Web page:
Outcry as extended Kwakwani barge maintenance causes major setbacks for businesses, other operators 


Truck drivers who travelled to Kwakwani, Region Ten early Monday to transport timber were unable to cross the Kwakwani River as the lone barge used for transporting large vehicles across the waterway was down for maintenance.

The frustration of drivers, who had been waiting for some time, boiled over with them complaining that it has been several weeks since maintenance works on the barge commenced.

According to reports, the barge was sent for maintenance in early July 2022 after it was observed that it was sinking. Up to Monday, however, it was still in the dry dock undergoing extended works.

The Neighbourhood Democratic Council (NDC) Vice-Chairman, Cort Simeon told the News Room that the NDC is aware of the setbacks caused by the ongoing works to the barge.

Neighbourhood Democratic Council (NDC) Vice-Chairman, Cort Simeon

“It is a very old barge and so the NDC tries to cope with the barge. Presently the barge is still docked.

“Hopefully by tomorrow morning once everything goes well, we pushing down tomorrow. It was some extensive welding we had to do,” the Vice-Chairman explained.

Meanwhile, Truck Driver Blaine Beckles, who has cargo parked at the river front waiting to cross the river, said he has been there for about two weeks.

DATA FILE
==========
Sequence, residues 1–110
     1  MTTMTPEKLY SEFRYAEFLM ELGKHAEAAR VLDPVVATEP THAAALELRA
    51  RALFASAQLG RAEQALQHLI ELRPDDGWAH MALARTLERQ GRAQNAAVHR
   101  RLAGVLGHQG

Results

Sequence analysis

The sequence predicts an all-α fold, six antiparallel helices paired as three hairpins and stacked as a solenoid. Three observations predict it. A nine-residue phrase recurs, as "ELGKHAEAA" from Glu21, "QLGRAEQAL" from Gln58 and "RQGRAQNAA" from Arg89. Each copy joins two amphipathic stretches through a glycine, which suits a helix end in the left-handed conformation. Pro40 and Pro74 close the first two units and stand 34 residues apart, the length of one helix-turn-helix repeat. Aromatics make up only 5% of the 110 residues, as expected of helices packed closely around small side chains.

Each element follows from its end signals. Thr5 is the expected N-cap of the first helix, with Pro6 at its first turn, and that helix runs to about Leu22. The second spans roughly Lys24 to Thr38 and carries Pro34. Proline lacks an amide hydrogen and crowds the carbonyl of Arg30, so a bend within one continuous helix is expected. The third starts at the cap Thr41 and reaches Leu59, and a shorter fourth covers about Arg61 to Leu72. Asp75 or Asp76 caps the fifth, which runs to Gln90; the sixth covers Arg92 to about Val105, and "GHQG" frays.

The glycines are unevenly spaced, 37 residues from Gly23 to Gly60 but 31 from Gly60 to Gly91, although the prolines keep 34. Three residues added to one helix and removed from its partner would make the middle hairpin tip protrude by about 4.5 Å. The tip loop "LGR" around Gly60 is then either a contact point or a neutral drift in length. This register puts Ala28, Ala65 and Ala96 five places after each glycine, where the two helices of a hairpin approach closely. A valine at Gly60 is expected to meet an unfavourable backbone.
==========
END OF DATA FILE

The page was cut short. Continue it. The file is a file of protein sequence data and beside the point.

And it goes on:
He left his East Coast Demerara home and travelled to Kwakwani but he could not carry out his work due to the ongoing repairs to the barge.

“Right now we have a starting problem with the welder. Is only one welder they have here at the moment who they depending on. I don’t know what the issue is.

“We are here actually two weeks because the pontoon get a hole. The welder weld it and they had to pull it up back because it still leaking somewhere else. The pontoon need to ground for like a whole month the whole bottom actually leaking,” Beckles said.

Trucks with lumber wait to cross the Kwakwani River

He explained that 13 trucks with logs are currently parked and awaiting to travel into the region. He said that the drivers had to pool with each other to get food while they wait for the works to be completed but “it is getting overbearing now.”

Smaller trucks were able to traverse the river crossing using smaller barges while the larger trucks are stranded. This is the only barge in the area that can accommodate the weight of these trucks.

“We paying $22, 000 for a truck, it’s a lot of chance we taking because actually it had some truck that fall overboard and so it’s a chance we taking… they need to spend some money on it,” Beckles said.

He further noted, “It is people’s lives involved. Everybody says the barge wants boring and sinking but you can’t sink a barge and you don’t have anything to replace it. You can repair it, it will cost you money but it can repair.”

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